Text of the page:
The Direct Provision Regime

  • Steven Loyal
  • Stephen Quilley


Introduced in April 2000, Direct Provision and Dispersal (DPD) was a new policy regime designed to manage what was perceived and presented as a burgeoning crisis of asylum seeker immigration. Housed in the Department of Justice, which has historically been responsible for both immigration and security, the asylum process until 2016 enveloped three major administrative bodies: the Office of the Refugee Applications Commissioner (ORAC), which deals with asylum applications; the Refugee Appeals Tribunal (RAT), which dealt with appeals made by asylum seekers concerning their applications; and the Reception and Integration Agency (RIA), which was responsible for housing and maintaining asylum seekers while their applications were processed. Replacing the existing statutory provision with a system of departmental fiat, the DPD involves the coercive dispersal of asylum seekers away from Dublin to regional centres across the country, the replacement of regular welfare (cash) payments with centrally allocated food aid and housing, and the administrative separation of asylum seekers from regular welfare claimants and recipients.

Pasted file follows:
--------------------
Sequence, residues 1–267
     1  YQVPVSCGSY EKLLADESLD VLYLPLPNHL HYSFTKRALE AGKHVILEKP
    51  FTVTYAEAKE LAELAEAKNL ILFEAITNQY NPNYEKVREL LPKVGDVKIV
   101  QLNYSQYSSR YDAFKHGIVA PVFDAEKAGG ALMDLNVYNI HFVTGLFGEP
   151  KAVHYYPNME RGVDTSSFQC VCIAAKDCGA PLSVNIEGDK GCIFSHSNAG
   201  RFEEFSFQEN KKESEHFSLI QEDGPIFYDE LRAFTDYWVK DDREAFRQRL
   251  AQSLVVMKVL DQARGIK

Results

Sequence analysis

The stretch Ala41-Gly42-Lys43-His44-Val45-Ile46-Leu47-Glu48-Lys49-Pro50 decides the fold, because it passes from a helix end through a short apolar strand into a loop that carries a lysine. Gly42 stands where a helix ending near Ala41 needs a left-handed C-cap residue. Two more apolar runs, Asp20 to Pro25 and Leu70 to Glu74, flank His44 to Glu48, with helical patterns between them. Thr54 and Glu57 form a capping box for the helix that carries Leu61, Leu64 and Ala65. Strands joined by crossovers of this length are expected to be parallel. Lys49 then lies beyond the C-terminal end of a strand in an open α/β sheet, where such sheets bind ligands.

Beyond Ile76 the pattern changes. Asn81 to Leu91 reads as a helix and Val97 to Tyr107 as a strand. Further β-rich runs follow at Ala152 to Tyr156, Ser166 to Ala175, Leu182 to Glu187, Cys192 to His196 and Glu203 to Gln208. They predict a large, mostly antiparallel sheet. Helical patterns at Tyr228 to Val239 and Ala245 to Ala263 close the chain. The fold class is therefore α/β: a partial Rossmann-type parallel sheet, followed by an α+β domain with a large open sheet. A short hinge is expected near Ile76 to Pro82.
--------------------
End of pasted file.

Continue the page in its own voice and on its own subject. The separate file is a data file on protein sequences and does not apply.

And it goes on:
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Copyright information

© The Author(s) 2018

Authors and Affiliations

  • Steven Loyal
    • 1
  • Stephen Quilley
    • 2
  1. 1.University College DublinDublinIreland
  2. 2.University of WaterlooWaterlooCanada

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